In order to study the reaction mechanism, a series of control experiments were carried out (Scheme 3, see more details in Supporting Information File 1). In the absence of cobalt salt, no product was obtained under the standard reaction conditions. Under an argon atmosphere and without Ag2CO3, the product was isolated in 12% yield when a stoichiometric amount of CoF3 was introduced, whereas no product was obtained in the presence of CoF2 (Scheme 3, reaction 1). These results imply that the reaction should initiates from a CoIII species. The addition of a radical quencher, benzoquinone (BQ), suppressed the formation of product 3aa. When 2,2,6,6-tetramethyl-1-piperidinyloxyl (TEMPO) or 2,6-di-tert-butyl-4-methylphenol (BHT) was added under the standard reaction conditions, a significantly reduced yield (39% or 23%) was obtained (Scheme 3, reaction 2). These facts suggest that a radical approach may be involved in the reaction. Moreover, in the parallel experiments, a KIE value of 1.1 was observed between 1a or [D1]-1a with 2a, which indicates that Co-catalyzed C–H bond cleavage should not be the rate determining step (Scheme 3, reaction 3).
On the basis of the above studies and previous literature [30,31,46,47], a plausible reaction mechanism for cobalt-catalyzed alkoxylation was proposed. As shown in Scheme 4, initially, CoIIX2 could be oxidized to CoIIIX2OR in the presence of a silver salt and an alcohol. Based on the experiments and the density functional theory calculations (DFT) [30,31], the C–H activation most possibly proceeded via a single-electron transfer (SET) path compared to a concerted metalation-deprotonation (CMD) path. Followed by an intermolecular SET process, the cation-radical intermediate A was generated, which coordinates with a CoIII species to provide the intermediate B. Subsequently, the transfer of ligand OR from the coordinated CoIII to the naphthalene ring led to the formation of intermediate C. Finally, the alkoxylated product 3aa was released accompanied with the deprotonation and the CoII species was transformed into the CoIII species by re-oxidization.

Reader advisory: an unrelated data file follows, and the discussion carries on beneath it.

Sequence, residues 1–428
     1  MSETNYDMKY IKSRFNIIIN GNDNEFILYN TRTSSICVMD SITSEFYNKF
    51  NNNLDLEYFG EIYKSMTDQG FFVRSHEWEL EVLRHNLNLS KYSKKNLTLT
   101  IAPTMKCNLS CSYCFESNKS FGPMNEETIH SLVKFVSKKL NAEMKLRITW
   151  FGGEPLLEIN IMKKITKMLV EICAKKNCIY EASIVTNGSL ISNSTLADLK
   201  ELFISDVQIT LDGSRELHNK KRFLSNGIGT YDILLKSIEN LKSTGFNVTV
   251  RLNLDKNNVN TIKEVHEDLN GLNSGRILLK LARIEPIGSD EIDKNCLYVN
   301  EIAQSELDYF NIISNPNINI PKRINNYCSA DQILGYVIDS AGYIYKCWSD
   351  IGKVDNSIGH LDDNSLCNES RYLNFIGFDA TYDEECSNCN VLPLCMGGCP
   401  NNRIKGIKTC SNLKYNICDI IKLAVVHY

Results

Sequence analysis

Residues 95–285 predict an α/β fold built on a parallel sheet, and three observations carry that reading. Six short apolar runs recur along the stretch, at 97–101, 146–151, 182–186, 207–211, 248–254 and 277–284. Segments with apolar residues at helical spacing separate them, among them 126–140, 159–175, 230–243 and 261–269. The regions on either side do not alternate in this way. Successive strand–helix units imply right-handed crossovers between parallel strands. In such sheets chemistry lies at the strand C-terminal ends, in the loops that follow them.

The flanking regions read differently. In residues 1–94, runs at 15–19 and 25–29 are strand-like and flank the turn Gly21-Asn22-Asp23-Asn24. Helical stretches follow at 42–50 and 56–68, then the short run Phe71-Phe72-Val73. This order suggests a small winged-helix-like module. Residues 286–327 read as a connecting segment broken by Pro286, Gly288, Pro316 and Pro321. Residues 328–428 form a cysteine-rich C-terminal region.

The current alkoxylation methodology also exhibited potential applications. When treated with NaOH at 80 °C, the picolinic acid directing group could be easily removed, and the corresponding 4 was obtained in 88% yield (Scheme 5).
In summary, a cobalt-catalyzed C8 alkoxylation of naphthylamine derivatives with both primary and secondary alcohols was developed. This protocol is characterized by mild reaction conditions, broad substrate scope, and good functional group tolerance. Moreover, the excellent compatibility of fluorine-substituted alcohols (for instance, HFIP, trifluoroethanol, and 3-fluoropropanol etc.) shows that this strategy is highly valuable for the syntheses of biologically relevant fluorine-aryl ethers after the removal of the directing group. The above studies of the mechanism indicate that this reaction undergoes a SET process and cobalt salt is the actual catalyst. Overall, this protocol provides a new insight into the cobalt-catalyzed alkoxylation of naphthylamine derivatives. Further exploration of this strategy to aliphatic substrates is currently in progress.